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With an Oscar on his desk for Chinatown and his name on such classics as Bonnie and Clyde and The Last Detail, screenwriter Robert Towne is assured a place in movie history.

He was part of the cadre of 70s iconoclasts who took advantage of a Hollywood system that was still willing to let young filmmakers call the shots. Nowadays, it’s much harder to get studio funding for a movie, but for Towne, persistence has paid off. With a little help from Tom Cruise, Towne’s long-time dream project, Ask the Dust, is now reality.

He recently spoke about his early career, about the writing life, and about the book that took 35 years to make into a movie.

Now 71, Towne has a handsome mane of white hair, looking fully the part of artist and intellectual. He smokes thin cigars, speaking between puffs, which makes his speech slower, more deliberate, and more confident.

Early and Earlier

Towne can identify with Bandini. And what writer can't?
Towne can identify with Bandini. And what writer can’t?

He recalls the first rays of sunlight in his career. “The first breakout came in ‘67 with Bonnie and Clyde. I rewrote that and got a little reputation. Then in ‘71 I did a rewrite on The Godfather. Meanwhile I had written Last Detail and Shampoo and was about to write Chinatown, none of which I could get made. I remember thinking, ‘Jesus Christ, who do I have to fuck to get one of these things made? Or is my life over with?’”

And then, within about a year, three of his screenplays (The Last Detail, 1973; Chinatown, 1974; Shampoo, 1975) were produced and well-received, and Towne became a name, not just a struggling writer.

One of Towne’s projects from that era — one that never got off the ground — was a screenplay based on John Fante’s book Ask the Dust, a semi-autobiographical account of a young man trying to make it as a writer in Los Angeles in the 1930s.

Not Starving. Hungry.

Asked about his own days as a starving writer in L.A., he responds “‘Starving’ is perhaps too strong a word.... Hungry.” Nevertheless there were parallels to his own life and that of Arturo Bandini, the protagonist in Ask the Dust.

“First of all, he is a writer, in Los Angeles, hoping to become rich and famous, hoping to live the Great American Dream. He’s also self-absorbed. He’s narcissistic. He’s manic depressive. He’s thin-skinned. He’s hypochondriacal. I can identify with all of those. And what writer can’t?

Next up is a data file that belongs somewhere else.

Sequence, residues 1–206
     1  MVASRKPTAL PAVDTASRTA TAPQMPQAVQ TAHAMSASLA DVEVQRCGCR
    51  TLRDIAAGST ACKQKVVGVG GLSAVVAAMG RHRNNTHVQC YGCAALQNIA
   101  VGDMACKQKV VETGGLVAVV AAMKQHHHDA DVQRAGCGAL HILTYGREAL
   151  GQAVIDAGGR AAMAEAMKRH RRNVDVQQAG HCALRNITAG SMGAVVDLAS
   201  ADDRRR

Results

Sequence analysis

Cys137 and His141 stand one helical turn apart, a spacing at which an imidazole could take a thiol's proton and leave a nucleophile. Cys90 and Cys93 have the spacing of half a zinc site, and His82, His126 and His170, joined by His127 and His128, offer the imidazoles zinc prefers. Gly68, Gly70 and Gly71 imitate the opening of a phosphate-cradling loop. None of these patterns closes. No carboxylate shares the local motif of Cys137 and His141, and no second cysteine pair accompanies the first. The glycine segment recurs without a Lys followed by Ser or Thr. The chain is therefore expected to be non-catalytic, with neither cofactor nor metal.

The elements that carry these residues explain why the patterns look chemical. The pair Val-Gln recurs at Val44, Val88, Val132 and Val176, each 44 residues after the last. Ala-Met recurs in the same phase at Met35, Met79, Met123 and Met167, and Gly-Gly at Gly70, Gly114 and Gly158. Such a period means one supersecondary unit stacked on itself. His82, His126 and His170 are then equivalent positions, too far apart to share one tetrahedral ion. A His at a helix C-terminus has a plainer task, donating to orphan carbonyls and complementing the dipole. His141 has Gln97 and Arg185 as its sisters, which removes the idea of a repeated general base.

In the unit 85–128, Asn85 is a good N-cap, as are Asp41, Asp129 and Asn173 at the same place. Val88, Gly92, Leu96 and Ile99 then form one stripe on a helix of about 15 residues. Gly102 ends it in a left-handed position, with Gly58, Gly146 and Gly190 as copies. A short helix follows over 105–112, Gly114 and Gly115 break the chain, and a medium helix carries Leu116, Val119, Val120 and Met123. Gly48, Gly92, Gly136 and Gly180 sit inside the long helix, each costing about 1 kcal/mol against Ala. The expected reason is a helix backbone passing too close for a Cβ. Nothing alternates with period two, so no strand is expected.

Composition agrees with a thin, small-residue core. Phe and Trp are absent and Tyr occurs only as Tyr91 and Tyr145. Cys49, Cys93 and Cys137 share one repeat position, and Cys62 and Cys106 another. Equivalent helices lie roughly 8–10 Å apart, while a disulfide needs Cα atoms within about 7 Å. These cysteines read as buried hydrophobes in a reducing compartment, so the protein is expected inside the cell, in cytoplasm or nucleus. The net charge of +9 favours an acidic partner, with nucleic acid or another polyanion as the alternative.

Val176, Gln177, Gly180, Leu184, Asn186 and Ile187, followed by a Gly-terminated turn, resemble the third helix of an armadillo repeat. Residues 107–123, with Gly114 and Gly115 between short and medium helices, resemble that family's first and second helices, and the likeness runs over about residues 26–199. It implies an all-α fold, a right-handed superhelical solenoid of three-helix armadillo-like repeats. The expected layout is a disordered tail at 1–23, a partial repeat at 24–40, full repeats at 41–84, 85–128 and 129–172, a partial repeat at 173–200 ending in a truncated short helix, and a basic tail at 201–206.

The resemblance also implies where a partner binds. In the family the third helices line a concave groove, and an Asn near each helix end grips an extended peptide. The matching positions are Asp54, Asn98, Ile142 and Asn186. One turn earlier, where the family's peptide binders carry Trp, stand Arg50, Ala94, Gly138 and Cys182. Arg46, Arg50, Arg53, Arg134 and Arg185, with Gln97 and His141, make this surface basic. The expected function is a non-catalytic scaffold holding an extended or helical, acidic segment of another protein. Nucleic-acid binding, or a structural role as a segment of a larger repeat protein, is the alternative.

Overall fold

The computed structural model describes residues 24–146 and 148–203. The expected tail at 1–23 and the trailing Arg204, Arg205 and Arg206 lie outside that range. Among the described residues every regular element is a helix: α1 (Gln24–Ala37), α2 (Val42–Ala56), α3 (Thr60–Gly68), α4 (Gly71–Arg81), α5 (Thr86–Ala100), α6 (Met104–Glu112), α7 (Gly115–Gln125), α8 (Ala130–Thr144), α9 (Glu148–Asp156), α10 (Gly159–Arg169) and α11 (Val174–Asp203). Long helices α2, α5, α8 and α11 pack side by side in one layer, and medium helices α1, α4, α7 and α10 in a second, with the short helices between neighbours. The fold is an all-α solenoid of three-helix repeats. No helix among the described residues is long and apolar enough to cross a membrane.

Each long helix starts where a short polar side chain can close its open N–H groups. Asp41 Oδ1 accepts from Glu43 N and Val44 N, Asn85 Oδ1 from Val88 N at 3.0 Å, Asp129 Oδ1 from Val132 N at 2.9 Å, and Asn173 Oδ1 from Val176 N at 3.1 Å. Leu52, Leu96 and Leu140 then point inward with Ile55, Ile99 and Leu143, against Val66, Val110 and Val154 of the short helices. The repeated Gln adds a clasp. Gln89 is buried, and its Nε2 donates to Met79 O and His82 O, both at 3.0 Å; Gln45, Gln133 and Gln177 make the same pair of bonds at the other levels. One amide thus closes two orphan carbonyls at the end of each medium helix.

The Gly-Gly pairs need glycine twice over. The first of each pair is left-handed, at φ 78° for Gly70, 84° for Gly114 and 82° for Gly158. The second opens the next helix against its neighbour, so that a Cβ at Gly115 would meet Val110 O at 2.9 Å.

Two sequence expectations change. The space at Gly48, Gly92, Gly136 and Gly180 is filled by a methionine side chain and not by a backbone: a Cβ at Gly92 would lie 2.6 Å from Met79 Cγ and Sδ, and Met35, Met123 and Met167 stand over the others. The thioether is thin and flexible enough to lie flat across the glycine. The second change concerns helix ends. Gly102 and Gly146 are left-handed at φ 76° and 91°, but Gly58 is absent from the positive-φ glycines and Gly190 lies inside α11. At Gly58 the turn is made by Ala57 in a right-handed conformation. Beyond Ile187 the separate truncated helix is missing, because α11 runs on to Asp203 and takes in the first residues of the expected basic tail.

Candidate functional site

“And also he feels nuts being unknown and being in a room and calling himself a writer. That’s something with which I can identify perhaps more than anything else. I was unknown when I read the book. I’d had a number of screenplays that I couldn’t get made. I felt unappreciated. All those things.”

Ironically, Towne was still a struggling “Bandini” when he approached Fante about adapting the book, a fact that Fante held against him. Towne recalls their first encounter: “I was looking for material that could fuel my recollections of an early Los Angeles, and I found it [in Ask the Dust]. I was immediately struck by it. I found out that John was alive and well and living in Malibu. I told him that I wanted to adapt his book into a movie. He was less than thrilled. I was utterly unknown, and that was part of it. I mean...

“— Who the hell are you that says you can adapt anything. What have you done? I’ve written screenplays; you’ve done nothing.

“— But I think your book is great.

” — And who are you to tell me what you think of my book?

“So we started out that way, and I must say I liked it. If there was any doubt as to who wrote this book... I’m facing Bandini - right now; absolutely this is John [Fante]; this is Arturo [Bandini]. In a strange way, as abusive as he was, I kind of fell in love with him the way I did with Bandini in the book. Because you suspect that underneath he was a very sweet man. And he was.”

Happy Endings

Luckily, Towne persisted. He also probably got some help from the inside. He says “I think [Fante’s] wife prevailed on him, said ‘John, it’s not like people are beating a path to your door, and he obviously admires you. [He] seems like a nice enough boy; why don’t you just talk to him?’

“I thought of John and Joyce in the end of [Towne’s adaptation] when Camilla says ‘Arturo, in the future, be nicer to people when you meet them.’”

Between those early meetings and finally producing Ask the Dust, Towne has had quite an interesting and successful career. In the 1980s Towne broke into directing. His debut was 1982’s Personal Best, about two lesbian Olympic hopefuls trying to emotionally support each other while still having to compete. The frank sexuality was groundbreaking and much-discussed at the time, but even with that novelty 25 years gone, the movie is still excellent; it has aged very well.

Towne went back to writing screenplays in the 1990s, including several for the Tom Cruise machine, including Days of Thunder and the first two Mission: Impossible movies. In fact, it was Cruise (as producer) who helped Towne finally bring Ask the Dust to the screen.

You can see for yourself what Towne’s 35-year labor of love looks like when Ask the Dust opens this spring. It was written and directed by Towne, and produced by Cruise/Wanger (et al.). It stars Colin Farrell and Salma Hayek as the aspiring L.A. writer and his muse.

Republished by permission of Turner Classic Movies